The European Union’s conservative nominee to head the executive Commission proposed a raft of social, environmental and economic reforms on Monday, seeking support from European Union lawmakers who are due to vote on her nomination on Tuesday.
In a bid to win over socialists, whose support she can’t be sure of to secure a majority in the European Parliament, Ursula von der Leyen said she would back a guaranteed minimum wage for all EU workers and an unemployment benefit scheme.
In letters dated July 15 to the socialist and liberal leaders of the assembly, she also said that EU fiscal rules should be interpreted more flexibly and should aim for a more growth-friendly stance in the euro area – a stand that appears to defy Germany’s traditional policy of fiscal restraint.
Von der Leyen will address the 751-member European Parliament in Strasbourg on Tuesday, and then lawmakers will hold a debate and proceed to vote for or against her in a secret paper ballot at 6 p.m.
She needs the backing of an absolute majority, which would normally be 376. The assembly is currently four members short, which means she may need 374 votes from 747. Diplomats say it is far from certain that she will cross that line.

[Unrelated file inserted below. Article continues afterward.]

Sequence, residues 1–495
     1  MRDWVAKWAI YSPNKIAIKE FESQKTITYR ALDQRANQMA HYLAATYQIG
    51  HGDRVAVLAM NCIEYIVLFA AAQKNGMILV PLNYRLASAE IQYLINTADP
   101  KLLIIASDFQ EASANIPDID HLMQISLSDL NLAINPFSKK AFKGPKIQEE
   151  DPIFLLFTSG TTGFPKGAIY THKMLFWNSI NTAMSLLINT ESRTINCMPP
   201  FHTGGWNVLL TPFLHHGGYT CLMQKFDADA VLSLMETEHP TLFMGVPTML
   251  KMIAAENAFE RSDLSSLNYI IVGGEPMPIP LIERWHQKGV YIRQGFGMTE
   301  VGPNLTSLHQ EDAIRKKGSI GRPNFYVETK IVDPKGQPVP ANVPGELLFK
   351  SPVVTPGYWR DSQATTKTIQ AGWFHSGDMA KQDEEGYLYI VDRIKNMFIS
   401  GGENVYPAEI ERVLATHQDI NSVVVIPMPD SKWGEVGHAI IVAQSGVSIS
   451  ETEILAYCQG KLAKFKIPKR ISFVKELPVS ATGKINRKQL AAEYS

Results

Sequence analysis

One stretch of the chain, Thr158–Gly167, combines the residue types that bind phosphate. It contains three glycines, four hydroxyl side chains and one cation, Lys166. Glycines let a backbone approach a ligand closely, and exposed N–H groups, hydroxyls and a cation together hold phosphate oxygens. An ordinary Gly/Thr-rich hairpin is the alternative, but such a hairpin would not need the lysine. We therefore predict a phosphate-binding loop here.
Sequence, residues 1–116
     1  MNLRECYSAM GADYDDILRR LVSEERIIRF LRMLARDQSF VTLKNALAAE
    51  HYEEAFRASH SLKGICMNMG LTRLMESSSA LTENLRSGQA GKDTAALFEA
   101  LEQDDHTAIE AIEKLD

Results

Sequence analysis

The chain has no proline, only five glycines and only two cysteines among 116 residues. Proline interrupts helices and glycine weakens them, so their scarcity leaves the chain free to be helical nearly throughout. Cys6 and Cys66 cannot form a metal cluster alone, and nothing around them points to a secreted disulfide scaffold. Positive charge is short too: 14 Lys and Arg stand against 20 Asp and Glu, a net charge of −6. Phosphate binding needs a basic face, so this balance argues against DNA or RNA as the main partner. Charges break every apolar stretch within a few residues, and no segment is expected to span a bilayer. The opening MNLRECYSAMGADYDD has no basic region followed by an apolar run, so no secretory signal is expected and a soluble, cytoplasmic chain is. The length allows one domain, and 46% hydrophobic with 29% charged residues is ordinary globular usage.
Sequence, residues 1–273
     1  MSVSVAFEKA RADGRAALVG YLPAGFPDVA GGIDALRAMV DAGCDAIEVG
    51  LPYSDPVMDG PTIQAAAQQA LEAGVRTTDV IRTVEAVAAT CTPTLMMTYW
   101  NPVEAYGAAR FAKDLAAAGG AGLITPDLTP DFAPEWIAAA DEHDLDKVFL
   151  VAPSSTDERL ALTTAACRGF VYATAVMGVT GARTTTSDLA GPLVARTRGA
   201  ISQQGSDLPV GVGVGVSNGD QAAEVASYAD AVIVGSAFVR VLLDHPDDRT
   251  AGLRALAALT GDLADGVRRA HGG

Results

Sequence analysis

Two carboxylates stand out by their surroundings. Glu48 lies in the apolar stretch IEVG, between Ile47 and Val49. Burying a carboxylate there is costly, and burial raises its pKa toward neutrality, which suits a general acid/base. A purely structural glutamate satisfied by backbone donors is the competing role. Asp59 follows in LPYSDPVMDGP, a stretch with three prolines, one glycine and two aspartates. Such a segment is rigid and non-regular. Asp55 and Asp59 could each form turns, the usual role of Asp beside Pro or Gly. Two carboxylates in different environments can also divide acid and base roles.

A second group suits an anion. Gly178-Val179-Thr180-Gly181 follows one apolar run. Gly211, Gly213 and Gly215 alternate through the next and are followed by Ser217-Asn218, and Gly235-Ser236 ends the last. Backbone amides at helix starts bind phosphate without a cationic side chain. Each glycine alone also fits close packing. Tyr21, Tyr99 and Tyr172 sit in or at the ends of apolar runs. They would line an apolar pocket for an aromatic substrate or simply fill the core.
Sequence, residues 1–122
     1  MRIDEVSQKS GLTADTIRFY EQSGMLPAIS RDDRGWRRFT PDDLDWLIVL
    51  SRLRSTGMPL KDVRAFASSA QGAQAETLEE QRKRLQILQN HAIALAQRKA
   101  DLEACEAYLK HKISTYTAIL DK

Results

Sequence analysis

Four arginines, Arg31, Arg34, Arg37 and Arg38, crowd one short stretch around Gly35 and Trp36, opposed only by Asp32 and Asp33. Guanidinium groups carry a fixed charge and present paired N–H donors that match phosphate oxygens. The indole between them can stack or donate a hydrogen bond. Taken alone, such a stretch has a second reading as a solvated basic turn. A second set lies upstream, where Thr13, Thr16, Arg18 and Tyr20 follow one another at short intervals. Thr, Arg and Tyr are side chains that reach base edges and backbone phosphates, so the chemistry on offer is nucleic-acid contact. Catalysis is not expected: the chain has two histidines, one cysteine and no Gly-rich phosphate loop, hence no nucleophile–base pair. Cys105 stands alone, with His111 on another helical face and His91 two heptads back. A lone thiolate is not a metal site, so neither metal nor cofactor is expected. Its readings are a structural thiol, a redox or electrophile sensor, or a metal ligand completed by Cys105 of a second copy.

Although the Greens have already ruled out their support for her, von der Leyen said she would seek a cut in EU carbon emissions of up to 55% by 2030, raising her previous offer from 40%.
She also pledged to extend the bloc’s emissions trading scheme, an offer that is likely to please liberal lawmakers.
Echoing a proposal from Spain’s socialist government, von der Leyen said she would back a “carbon border tax” to favour Europe’s industry.
She also promised reforms in the way the EU monitors the respect of the rule of law in member states, in remarks that may not go down well in Hungary and Poland which have been accused for years by Brussels of breaking EU rules on civil rights.
They will, however, be welcomed by pro-EU socialist and liberal deputies who have cast doubts on her candidacy because it came after eastern European leaders blocked the nomination of Frans Timmermans, an EU commissioner who denounced Warsaw and Budapest for shortfalls on civil rights.
To counter accusations that the method used by EU leaders for her appointment undermined EU democracy, von der Leyen offered to improve the so-called “spitzenkandidaten” process – the German word for lead candidates chosen by EU political parties – rather than EU leaders in closed-door meetings.
She also said she would support a right of legislative initiative for the European Parliament, a move that would reduce the Commission’s exclusive power to propose EU laws.
Von der Leyen also pledged the overhaul of migration and foreign policies.